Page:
The nation's mounting foreign trade deficit worsened again last month despite a decline in oil imports, the government reported yesterday, heightening concern about the deteriorating U.S. trade position.
The Commerce Department announced that imports exceeded exports in August by a near-record $2.67 billion - up from a $2.33 billion deficit recorded the previous month, and the 15th red-ink figure in a row.
Worse from the point of view of some experts, the increase came despite a slight dip in U.S. purchases of foreigh oil - raising questions about the Carter aasministration's contention that except for petroleum imports, the trade balance is essentially in good health.
Countenay M. Slater, the department's chief economist, said the worsening stemmed primarily from weaker-that-anticipated demand in European and Japanese economies, which have been performing below expectations.
Slater contended that despite the shift in the composition of the deficit, the red-ink figure for the year still is unlikely to exceed the $26 billion to $27 billion recently predicted for 1977 as a whole.
However, that alone would be more than four times the 1976 yearly deficit of $5.7 billion and the previous record of $6.4 billion aet in 1972. Only a few weeks ago, U.S. officials were predicting a $20 billion deficit.
Yesterday's figures appeared likely to give a new force to efforts by Carter administration officials to convince European and Japanese leaders at this week's International Monetary Fund meeting to stimulate their economics more rapidly.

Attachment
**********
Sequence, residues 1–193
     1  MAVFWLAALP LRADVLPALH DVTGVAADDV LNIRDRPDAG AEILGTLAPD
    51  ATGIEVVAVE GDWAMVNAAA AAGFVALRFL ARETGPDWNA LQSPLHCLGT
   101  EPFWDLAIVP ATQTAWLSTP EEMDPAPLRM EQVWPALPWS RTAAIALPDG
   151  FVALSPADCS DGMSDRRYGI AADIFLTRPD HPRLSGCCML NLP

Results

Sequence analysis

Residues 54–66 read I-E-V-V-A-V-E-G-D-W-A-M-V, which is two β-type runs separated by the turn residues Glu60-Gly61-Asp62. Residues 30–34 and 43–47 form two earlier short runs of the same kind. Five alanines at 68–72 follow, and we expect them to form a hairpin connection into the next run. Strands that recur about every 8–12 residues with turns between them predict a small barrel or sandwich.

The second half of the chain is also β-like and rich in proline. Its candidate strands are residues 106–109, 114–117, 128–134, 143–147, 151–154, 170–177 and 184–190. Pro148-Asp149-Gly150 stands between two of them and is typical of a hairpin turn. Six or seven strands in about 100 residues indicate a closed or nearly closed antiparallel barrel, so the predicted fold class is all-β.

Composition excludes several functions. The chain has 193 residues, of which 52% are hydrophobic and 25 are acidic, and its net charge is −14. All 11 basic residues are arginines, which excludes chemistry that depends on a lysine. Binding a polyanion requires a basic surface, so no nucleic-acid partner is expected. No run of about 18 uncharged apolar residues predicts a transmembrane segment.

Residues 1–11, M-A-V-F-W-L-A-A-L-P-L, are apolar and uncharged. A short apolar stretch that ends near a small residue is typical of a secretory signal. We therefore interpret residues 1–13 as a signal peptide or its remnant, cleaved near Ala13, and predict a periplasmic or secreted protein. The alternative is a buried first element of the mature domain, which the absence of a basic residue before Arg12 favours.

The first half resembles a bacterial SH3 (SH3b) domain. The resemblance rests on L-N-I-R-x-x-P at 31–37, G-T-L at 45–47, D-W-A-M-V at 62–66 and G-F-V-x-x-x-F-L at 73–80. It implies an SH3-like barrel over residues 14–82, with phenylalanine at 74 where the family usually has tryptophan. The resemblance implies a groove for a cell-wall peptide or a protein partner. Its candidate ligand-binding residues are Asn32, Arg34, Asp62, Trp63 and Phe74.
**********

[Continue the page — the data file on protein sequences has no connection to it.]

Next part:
The United States and other major industrial nations have been pressuring Japan, in particular, to take steps to reduce its huge surpluses in trade and balance of payments - implying, in part, acceptance of more imports.
The trade figures yesterday also sparked another decline in the value on the dollar, which fell to an all-time low on the dollar, which fell to an all-time low on the European currency markets. At the same time, the price of gold rose $2 an ounce.
Yesterday's report showed a moderate decline in imports, which dropped $244 million, or 2 per cent, from July's levels to $12.23 billion in August.
Oil imports alone fell $265 million to $3.33 billion, their second such monthly decline in a row. In July, the department reported petroleum purchases declined about $300 million.
At the same time, however, the figures showed export levels plunged by a sizable $587 million, bringing total U.S. sales abroad to $9.56 billion.
Moreover, the drop was widespread throughout several major sectors, indluding steel, coal, soybeans, grains, chemicals, motor vehicles, synthetic rosin and plastics and some machinery.
The August report brought the cumulative trade deficit for the first eight months of 1977 to an annual rate of $26.37 billion - a staggering figure by any standard.
Carter administration officials have predicted before that the deficit would taper off toward the end of the year. However, that forecast assumed that the economies of Europe and Japan would strengthen considerably.
The trade deficit has become a point of controversy over the past few ponths as domestic industries hurt by import competition have sought to use it as evidence that the nation is being treated unfairly overseas.
Exports have performed erratically over the past several months, rising sharply in May, declining in June and remaining stable in July, Meanwhile, imports have gained sharply and declined at times only moderately.